Description: In this piece self = egocentric perceptions of the individual. The premise is that we are more than our self-image and the perceptions of others and that we exist apart from the physical reality.
Self in this context is not the embodiment of self-awareness.
In New Testament theology it is referred to as the flesh. If we can release it, we find what is known as Heaven, Eden, Nirvana, or simply paradise.
I appreciate comments in helping fine-tune the poem.
Delusions of Divinity -------------------------------------------
Delusions of divinity,
My ego thinks it's a messiah.
In its misplaced arrogance,
It wants to save my soul.
It parades its cross,
It's been crucified and buried
But it comes back to life, again.
I understand the need and
Must change my plan
Perhaps I can transfigure it.
Convince it to ascend.
Heaven is not a place we go.
It is where we are,
When the self has gone.
release of self to the Divine... our egos seem to get in the way of everything, don't they?
"it parades its cross..." poor me! it's all about me, isn't it?
i really enjoyed this and take it much to heart. i do believe we can have heaven on earth... we're just too stupid and too human, i suppose.. *sigh* this is wonderful food for thought Chrys. thanks for sharing. !Cat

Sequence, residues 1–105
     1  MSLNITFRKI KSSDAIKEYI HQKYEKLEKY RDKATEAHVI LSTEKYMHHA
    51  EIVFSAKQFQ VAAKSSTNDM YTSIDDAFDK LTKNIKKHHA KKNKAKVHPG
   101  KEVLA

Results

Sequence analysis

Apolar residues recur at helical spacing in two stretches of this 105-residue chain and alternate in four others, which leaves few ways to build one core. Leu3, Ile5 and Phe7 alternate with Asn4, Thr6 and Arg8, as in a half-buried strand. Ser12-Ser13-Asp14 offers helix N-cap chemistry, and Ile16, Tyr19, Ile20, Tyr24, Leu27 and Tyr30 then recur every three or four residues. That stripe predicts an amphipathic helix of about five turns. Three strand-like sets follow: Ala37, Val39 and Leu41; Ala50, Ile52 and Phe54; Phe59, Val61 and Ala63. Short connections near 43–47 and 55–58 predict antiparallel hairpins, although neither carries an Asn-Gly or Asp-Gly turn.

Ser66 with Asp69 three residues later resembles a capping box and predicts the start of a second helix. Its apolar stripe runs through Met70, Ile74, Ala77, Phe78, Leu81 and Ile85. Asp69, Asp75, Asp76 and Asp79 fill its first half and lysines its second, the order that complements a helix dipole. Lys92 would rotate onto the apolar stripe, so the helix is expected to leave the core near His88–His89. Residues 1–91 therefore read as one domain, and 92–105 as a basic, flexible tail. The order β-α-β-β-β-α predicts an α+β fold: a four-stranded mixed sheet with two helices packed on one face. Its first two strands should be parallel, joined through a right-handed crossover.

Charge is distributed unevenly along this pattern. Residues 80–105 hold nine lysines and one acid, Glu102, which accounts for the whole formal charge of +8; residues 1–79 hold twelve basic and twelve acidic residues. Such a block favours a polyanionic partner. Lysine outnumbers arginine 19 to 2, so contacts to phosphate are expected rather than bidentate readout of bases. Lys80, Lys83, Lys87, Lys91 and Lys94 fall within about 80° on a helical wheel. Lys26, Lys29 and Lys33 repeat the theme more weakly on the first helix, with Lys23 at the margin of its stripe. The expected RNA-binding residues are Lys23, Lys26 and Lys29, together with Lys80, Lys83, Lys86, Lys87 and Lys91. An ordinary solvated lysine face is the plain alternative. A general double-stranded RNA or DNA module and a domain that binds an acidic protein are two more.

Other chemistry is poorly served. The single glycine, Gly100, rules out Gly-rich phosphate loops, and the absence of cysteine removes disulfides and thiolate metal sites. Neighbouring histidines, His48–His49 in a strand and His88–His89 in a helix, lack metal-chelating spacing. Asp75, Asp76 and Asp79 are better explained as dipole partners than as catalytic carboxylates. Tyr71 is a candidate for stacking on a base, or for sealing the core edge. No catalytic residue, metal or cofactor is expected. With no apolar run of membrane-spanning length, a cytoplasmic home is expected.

Certainly and interesting poem with alot of rhyth. It sounds as if theirs a steady drum beating in the back ground. In Short it has a very nice ring on the ear and would sound quite melodious when read aloud. Some of it though looks a little awkward
''But it comes back to life, again''
Personally I think it would read better like this.
Very interesting and enjoyable poem, philosophically, and I quite like it, especially the last five lines, which give the poem a feeling of "I shall rise to the ashes (the self) as a phoenyx and fly far off, yet remaining on the same spot" "Comes back to life, again" gives a feeling of recurrence, of a powerful, yet somewhat unpleasant repetition, as though the crucifying were to be repeated again and again.
My only objection is the 'and' at the end of "I understand the need and", which is difficult to read at the end of a line, and somehow is read not like a word, but like a sigh. However, if that was your intention, it may be a good tool to accentuate a line, and make the reader come back to it, but i would use it in a more important line, like "Perhaps I can transfugure it"